John Cheese cracked the code on Father’s Day Success last year, so quit scrambling around for a last-minute gift or card (monkey stuff excepted). #CrackedClassic
5 Ways People With the Best Intentions Ruin Father’s Day
Since Cracked was down yesterday, I’m reposting my article for this week: http://www.cracked.com/blog/5-hilarious-ways-corporate-twitter-accounts-go-wrong/
Be the change you want to see in the world of soulless marketing ploys.
5 Hilarious Ways Corporate Twitter Accounts Go Wrong
#4. Trolls Flock to Every Tweet
Now, given, I [John Cheese] don’t do it much to regular people anymore because I’m still making a lifelong effort to shed my douche skin, but I’m not sure I’ll ever be able to stop fucking with company Twitter accounts. It’s just so damn much fun, and it’s so easy. I think the biggest reason people do it is because even though there’s obviously a person behind each of those tweets, it’s still a big, faceless, emotionless corporation, and as many right hooks as you throw at their chin, they just keep on smiling and taking it. It’s like an infinite ammo cheat. And the ammo is handfuls of your shit.
5 Hilarious Ways Corporate Twitter Accounts Go Wrong -
My article for this week was crazy fun to write. Hopefully you like it so I don’t have to punch you directly in the ear and/or neck.
aislynn-lestrange asked: That article you wrote really upset me. Mainly because you perfectly described my childhood in it, and the fact that I am now on welfare because I study full time and the hours I spend at uni and doing uni work at home add up to more than that of a nine-to-five worker in a week. I hate being on welfare and everyday I am made to feel ashamed and embarrassed about it. I just want to thank you for writing that, and to show that we are not all greedy, lazy people.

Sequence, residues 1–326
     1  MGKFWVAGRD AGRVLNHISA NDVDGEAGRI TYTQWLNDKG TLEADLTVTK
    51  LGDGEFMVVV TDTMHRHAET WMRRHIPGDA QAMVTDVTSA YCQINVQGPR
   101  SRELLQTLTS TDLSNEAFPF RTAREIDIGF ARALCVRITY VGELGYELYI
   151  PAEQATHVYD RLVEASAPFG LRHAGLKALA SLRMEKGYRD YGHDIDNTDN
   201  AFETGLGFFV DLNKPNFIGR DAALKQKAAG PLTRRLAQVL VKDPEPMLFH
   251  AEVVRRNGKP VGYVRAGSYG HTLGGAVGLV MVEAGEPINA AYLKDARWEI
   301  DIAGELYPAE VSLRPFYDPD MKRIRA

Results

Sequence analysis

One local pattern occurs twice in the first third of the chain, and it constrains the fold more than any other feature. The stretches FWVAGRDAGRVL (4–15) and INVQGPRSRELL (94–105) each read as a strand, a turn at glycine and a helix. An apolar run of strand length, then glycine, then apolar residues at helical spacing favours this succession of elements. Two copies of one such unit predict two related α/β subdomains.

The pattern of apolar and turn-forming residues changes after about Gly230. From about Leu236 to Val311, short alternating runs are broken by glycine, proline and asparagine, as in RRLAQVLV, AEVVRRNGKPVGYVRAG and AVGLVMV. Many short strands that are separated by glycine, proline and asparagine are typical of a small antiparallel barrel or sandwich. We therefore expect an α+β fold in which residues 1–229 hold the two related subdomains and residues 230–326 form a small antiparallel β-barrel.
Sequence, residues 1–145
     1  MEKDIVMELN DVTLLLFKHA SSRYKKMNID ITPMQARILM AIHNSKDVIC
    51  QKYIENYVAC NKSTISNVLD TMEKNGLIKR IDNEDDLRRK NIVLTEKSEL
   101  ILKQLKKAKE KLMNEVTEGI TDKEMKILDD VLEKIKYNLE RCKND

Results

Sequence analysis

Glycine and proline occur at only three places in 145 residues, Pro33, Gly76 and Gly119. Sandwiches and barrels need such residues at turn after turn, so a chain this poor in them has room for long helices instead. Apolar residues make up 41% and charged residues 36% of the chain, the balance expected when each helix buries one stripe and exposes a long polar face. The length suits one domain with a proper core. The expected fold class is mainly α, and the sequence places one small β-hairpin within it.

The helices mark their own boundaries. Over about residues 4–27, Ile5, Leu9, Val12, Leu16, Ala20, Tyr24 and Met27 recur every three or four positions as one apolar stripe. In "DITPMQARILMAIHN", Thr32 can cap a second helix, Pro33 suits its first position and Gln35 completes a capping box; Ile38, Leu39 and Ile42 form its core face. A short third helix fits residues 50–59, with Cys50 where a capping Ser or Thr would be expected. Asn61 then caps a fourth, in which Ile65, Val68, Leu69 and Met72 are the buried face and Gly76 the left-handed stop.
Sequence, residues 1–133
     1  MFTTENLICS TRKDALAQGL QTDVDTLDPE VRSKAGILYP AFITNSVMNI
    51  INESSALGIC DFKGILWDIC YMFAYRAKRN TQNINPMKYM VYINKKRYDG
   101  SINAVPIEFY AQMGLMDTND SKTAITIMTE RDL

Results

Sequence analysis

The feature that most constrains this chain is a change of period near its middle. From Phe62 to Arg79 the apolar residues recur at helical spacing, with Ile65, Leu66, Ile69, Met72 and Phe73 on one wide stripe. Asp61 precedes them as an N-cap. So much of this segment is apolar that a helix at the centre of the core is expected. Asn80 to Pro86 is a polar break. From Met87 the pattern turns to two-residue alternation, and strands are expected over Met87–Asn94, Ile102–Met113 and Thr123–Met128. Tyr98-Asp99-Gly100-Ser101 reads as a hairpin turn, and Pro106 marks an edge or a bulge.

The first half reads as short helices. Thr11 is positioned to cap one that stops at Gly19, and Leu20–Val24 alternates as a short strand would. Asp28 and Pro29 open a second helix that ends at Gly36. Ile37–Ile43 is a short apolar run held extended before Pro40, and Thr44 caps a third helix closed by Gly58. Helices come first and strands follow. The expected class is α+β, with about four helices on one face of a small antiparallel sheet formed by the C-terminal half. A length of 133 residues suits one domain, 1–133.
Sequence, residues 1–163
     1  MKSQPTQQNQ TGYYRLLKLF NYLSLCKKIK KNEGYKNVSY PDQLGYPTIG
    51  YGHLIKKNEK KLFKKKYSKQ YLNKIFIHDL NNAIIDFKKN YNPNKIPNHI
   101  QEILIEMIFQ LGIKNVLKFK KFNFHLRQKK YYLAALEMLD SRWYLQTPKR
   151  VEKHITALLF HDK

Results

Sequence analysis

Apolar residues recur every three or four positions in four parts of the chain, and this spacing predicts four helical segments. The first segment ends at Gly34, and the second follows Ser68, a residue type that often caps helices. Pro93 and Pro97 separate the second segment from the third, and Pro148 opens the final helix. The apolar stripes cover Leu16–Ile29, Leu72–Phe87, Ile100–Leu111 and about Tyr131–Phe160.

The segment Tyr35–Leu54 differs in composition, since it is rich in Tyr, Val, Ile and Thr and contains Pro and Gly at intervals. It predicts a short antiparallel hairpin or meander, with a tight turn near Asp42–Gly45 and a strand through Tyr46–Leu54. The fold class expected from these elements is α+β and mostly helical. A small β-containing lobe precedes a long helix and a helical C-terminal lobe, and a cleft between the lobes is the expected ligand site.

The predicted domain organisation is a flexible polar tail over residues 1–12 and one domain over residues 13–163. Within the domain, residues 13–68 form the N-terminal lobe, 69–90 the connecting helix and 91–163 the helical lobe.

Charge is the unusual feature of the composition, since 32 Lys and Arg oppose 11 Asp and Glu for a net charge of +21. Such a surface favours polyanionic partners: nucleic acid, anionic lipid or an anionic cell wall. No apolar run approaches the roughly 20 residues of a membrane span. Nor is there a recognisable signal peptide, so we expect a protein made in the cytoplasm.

Thank you. What you just told me is a more common story that you may think. Keep busting your ass, and you’ll get out. It’s hard as hell, but it will happen.
kjspedroso asked: I've read many of your articles on Cracked. Specifically: reasons life gets better, today's welfare article, and what politicians won't ever understand about poor people. I've been in the same place as you and we've been on welfare and food stamps since I was a teenager. Reading and rereading your articles makes me feel better and your writing makes me feel less alone. I've wanted to tell you this for a while but couldn't figure out how to contact you. Now I have. Thank you. It's meant so much.
Thanks for saying so. It’s amazing the amount of messages I get like this one after an article like that. I don’t think people realize how many of us there are out there because we never get heard. All they hear is the stat-thumping of politicians and biased news organizations, and I’m about as sick of it as I can get. I have known the types of scumbags they talk about, and in my experience, they are a rarity — not the norm.
skipperdoo asked: Hey Mr. Cheese, just thought you should know you're awesome. Keep being awesome, ok? Keep being the most awesome butt-fart out there. Butt-fart.
Thank you. And if “but-fart” becomes a thing, I will have a reason to retire with pride.
anewyorktimesbestsellingauthor asked: Your last article really resonated with me. I was a poor kid on welfare and broke the cycle because I married well (I'd like to think that's not all, but it was certainly the biggest factor). Now that I have a stable family and a husband with a job and a house, I can't get over how "rich" we are just for buying 2-ply toilet paper or ground beef that isn't in a chub. My husband has to remind me that I can buy clothes BEFORE they fall apart because, in my head, I'm still scrounging.
We’re still like that in many ways. Especially the clothes thing. We have to force ourselves out to buy them, or we’d never have them. One weird thing we did, though, after hitting middle class was splurge on groceries. And now we’ve just realized that we were going too far in the other direction. It’s the one spot where we went crazy with the money. Everything else, we still have to remind ourselves that it’s OK to buy it because we’re not living in that dungeon anymore.